A researcher-made questionnaire (supplementary file 1) was used to collect the data. The questions were organized in three parts to assess knowledge, attitude, and practice. For knowledge, the students were initially asked if they could correctly name three OTC drugs, and then they were given six statements and asked to determine whether these statements were true or false. The true answer was given 1 score, and the false and “don’t know” responses were assigned with the scores of − 1 and 0, respectively. Total knowledge score was categorized as good (≥4), average (1–3), or poor (0 or lower) based on the method described by Isacson and Bingeforse [19]. For attitude, the students were asked to rate their agreement or disagreement toward multiple propositions about self-medication. For practice, questions were asked about the types of drugs and ailments, as well as reasons for and the negative outcomes of self-medication.

Validity and reliability

The content validity of the questionnaire was ensured with the help of pharmacists, physicians, and epidemiologists by incorporating the necessary corrections suggested by them. The reliability of the questionnaire was approved after being completed by 30 students at two occasions. These students were chosen from medical and pharmacy faculties and different educational years. They were asked to gather in a classroom at a specific time not to interfere with their classes or other educational activities. They were explained about the aim of the study and asked to fill the questionnaire. The same procedure was followed again after 2 weeks, and finally the Cronbach’s alpha coefficient was calculated. To reach an acceptable coefficient, some modifications were performed on four questions of the attitude domain, and one question was also omitted in this section (Cronbach’s alpha coefficient = 0.44). The researcher attended the students at the time of completing the questionnaire to resolve any ambiguity.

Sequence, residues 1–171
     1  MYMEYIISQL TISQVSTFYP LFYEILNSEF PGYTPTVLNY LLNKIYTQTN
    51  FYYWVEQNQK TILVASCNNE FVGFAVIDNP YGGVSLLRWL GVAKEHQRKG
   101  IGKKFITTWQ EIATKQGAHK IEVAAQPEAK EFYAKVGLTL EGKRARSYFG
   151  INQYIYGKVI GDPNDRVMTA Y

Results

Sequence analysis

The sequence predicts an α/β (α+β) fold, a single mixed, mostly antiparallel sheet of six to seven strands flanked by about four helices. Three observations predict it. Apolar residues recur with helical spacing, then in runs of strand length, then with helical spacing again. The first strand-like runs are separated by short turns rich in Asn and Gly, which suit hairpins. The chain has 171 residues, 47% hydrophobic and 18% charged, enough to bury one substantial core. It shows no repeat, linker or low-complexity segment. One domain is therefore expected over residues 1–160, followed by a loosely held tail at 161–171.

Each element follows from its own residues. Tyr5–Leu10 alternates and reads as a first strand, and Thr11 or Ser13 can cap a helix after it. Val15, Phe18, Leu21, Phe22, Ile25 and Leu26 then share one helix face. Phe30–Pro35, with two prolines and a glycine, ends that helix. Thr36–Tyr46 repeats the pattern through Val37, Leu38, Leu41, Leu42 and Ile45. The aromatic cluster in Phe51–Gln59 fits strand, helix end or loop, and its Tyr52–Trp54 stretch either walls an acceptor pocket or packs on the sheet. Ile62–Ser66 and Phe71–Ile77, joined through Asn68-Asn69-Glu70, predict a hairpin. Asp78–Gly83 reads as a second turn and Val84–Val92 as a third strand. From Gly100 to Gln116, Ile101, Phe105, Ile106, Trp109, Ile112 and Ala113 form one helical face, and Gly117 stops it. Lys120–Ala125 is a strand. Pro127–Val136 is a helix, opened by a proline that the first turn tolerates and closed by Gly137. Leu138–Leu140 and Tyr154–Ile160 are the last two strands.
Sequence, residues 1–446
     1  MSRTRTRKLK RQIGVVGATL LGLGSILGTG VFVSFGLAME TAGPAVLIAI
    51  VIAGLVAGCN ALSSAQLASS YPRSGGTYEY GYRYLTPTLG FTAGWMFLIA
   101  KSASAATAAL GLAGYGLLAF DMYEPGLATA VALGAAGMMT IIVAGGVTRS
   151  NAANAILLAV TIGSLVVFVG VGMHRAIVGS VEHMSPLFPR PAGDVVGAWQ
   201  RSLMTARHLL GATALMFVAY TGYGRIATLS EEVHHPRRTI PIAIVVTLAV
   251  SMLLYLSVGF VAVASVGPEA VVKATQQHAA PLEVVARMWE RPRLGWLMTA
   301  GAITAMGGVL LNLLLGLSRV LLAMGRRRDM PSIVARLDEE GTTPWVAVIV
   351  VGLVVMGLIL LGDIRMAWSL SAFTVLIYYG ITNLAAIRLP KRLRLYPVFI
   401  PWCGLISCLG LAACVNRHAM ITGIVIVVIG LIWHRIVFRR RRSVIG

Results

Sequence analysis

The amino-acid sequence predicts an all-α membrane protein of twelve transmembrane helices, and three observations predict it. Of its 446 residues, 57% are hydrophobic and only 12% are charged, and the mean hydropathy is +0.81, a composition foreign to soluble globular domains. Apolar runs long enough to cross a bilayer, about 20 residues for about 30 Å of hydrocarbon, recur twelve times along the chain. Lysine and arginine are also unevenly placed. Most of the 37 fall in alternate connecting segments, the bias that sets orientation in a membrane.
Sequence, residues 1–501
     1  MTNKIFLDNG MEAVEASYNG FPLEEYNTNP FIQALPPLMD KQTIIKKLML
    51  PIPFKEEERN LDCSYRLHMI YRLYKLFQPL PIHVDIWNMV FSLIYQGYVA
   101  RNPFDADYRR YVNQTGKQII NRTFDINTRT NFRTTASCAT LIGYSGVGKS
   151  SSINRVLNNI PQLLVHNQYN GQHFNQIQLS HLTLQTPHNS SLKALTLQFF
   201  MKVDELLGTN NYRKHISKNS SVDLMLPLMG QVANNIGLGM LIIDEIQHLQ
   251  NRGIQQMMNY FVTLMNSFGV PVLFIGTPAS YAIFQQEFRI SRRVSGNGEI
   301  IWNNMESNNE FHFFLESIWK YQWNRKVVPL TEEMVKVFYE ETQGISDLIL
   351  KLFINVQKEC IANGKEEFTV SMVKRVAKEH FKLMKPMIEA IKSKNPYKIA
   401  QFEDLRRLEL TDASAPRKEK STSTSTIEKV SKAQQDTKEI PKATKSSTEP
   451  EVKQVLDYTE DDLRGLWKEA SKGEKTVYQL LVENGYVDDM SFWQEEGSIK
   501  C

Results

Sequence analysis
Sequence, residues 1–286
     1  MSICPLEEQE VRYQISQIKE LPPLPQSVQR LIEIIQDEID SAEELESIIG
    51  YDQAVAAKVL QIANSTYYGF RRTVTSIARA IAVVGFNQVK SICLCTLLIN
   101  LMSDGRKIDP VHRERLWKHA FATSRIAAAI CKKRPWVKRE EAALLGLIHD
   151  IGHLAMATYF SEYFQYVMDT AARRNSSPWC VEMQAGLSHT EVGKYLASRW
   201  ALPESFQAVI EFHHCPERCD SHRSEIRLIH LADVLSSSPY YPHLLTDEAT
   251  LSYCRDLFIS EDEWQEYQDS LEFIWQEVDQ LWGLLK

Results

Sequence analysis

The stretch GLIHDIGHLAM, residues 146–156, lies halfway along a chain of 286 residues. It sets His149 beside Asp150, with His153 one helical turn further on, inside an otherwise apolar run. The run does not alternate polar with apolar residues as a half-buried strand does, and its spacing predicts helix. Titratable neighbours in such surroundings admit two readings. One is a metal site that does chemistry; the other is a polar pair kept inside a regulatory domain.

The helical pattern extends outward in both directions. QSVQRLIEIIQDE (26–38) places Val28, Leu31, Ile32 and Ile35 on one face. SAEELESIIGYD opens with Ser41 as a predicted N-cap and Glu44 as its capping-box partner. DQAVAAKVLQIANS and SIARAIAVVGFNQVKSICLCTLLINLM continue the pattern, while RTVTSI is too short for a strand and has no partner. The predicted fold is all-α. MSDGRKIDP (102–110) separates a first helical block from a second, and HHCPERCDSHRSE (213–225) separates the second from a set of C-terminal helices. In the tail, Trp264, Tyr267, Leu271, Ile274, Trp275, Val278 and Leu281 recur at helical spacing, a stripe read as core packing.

Statistical analysis

SPSS 25 software was used to analyze the data. Quantitative and qualitative variables were described by mean ± standard deviation and percentage, respectively. The distributions of the variables were assessed by the Kolmogorov–Smirnov test. Quantitative variables were compared by independent samples student t-test (for two-group comparisons) and one-way ANOVA (for comparisons among three or more groups). Between-group comparisons of qualitative variables were performed by the Chi-square test. P value < 0.05 was considered as statistically significant.


Demographic information

In this study, 170 students were interviewed from whom 78 (45.9%) were males and 92 (54.1%) were females, and all of them completed the survey. The mean age of the students was 21.92 ± 1.8 years. The youngest and oldest participants aged 18 and 29 years old, respectively. Of the participants, 105 (61.8%) and 65 (38.2%) were medical and pharmacy students, respectively. In terms of the year of enrollment, most participants (22.4%) were senior (3 years or higher). Demographic information has been shown in Table 1.